The Proletarian Military Policy

Along with the abandonment of the rest of our program on the struggle against the war has gone the Proletarian Military Policy (PMP), which was a concrete expression, under American conditions, of the Leninist policy on military training and conscription. This policy was counterposed to the pacifist program of ending the war by ending the draft, and to the control of conscription by the imperialist government by demanding that the government finance training in the military arts in camps which would be under the control of the trade unions. The idea was to try to make a bridge between the level of the masses who saw the need, for learning how to wage war in an epoch of violent upheaval, and the future possibility of turning the army against the imperialist government. It was designed, as well, to ensure that no repetition of the disastrous policy of draft resistance, which isolated the radicals of WWI, would occur, and had the additional benefit of increasing the prestige and strength of the trade unions as organizations of the working class.

The present party leadership, which would very much like to forget that there ever was such a policy, has concocted several stories to justify its rejection of proletarian methods for pacifist ones. These stories can be summarized as follows: 1) WWII was basically an “inter-imperialist war,” and consequently that tactics of Marxists in the period of counterrevolutionary colonial wars must be different; 2) the party made an adaptation to the backwardness of the workers; 3) there was no movement against conscription, so we simply adjusted our tactics—today things are different. There is a certain division of labor on points 2 and 3. The slicker advocates of the present line combine them in a sort of “times-have changed” routine, while the more vulgar peace-nik elements simply claim that the stupid workers led us astray.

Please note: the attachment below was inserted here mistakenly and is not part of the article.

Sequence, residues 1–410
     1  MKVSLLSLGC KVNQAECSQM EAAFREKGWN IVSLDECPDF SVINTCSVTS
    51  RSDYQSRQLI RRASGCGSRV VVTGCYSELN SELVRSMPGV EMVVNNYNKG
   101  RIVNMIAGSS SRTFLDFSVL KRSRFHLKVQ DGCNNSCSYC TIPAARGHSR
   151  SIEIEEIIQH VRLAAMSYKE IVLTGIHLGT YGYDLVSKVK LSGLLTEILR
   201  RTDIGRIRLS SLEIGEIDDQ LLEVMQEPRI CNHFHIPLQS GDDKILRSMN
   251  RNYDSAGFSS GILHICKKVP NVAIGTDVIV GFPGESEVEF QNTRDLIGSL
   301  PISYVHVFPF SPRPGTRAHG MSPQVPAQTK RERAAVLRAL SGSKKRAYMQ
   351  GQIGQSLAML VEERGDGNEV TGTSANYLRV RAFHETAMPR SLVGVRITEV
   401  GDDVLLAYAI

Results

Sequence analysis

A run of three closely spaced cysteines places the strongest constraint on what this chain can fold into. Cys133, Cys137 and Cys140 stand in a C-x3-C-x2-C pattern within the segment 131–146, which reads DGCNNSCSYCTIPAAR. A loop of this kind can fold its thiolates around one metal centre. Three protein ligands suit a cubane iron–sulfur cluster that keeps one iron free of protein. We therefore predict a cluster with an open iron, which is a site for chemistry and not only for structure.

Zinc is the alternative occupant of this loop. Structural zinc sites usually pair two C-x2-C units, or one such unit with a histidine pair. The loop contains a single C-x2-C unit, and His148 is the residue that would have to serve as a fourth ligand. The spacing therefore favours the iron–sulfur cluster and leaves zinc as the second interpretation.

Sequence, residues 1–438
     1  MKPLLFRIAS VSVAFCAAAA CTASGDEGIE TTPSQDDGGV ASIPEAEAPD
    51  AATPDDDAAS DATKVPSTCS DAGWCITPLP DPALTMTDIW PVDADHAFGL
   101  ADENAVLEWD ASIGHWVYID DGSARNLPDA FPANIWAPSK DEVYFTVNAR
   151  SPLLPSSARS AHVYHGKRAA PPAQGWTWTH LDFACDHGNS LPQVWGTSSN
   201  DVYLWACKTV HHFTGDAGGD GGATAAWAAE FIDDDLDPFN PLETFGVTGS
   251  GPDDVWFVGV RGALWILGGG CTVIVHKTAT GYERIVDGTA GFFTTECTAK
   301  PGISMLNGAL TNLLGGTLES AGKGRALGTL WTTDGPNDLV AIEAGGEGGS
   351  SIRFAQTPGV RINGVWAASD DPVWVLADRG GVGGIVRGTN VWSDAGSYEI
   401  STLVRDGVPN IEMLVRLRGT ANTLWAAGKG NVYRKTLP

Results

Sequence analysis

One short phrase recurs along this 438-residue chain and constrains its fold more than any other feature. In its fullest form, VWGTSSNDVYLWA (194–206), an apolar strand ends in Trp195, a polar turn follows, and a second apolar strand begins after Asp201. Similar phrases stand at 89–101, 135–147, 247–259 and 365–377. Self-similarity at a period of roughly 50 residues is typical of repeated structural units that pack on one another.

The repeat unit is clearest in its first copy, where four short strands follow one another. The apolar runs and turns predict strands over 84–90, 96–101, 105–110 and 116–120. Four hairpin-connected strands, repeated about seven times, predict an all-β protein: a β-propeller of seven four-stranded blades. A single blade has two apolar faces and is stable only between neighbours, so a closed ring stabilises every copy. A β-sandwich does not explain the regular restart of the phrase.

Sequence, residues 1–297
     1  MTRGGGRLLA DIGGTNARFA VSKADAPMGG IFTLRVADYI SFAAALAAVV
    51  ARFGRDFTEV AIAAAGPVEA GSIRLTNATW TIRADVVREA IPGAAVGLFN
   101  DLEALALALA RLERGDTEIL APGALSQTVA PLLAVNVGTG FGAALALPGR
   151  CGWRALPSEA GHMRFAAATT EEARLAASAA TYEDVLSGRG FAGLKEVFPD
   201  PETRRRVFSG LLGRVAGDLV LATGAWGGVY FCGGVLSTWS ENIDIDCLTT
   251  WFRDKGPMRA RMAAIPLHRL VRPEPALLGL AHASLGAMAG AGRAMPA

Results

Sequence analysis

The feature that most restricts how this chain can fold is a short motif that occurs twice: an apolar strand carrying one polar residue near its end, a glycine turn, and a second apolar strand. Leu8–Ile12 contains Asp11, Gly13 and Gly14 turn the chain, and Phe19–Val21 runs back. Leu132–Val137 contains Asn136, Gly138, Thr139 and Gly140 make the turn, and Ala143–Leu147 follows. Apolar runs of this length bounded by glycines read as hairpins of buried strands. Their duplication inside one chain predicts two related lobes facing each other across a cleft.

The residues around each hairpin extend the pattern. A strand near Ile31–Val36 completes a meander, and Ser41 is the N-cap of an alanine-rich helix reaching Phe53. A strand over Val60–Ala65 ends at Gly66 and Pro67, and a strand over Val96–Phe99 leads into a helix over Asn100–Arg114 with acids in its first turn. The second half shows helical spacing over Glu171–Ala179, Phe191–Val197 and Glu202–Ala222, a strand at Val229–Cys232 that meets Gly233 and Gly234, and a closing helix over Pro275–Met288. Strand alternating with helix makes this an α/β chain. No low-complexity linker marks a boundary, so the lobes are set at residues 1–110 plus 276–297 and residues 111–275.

All these arguments and all their variants are false to the core. The first is simply the grossest kind of petty-bourgeois moralistic breast-beating. Even when we exclude the question of Russia in WWII, we are faced with the interesting case of it being alright for American workers to fight German and Japanese workers and peasants, and not alright to fight Vietnamese workers and peasants. Maybe we fought WWII to “defend Democracy?” The reality of the situation, of course, is that the party’s abstentionist policy of having comrades at Columbia [university] rather than Khe Sanh, has left the spontaneous GI revolts largely leaderless, and has hindered the defeat of US Imperialism.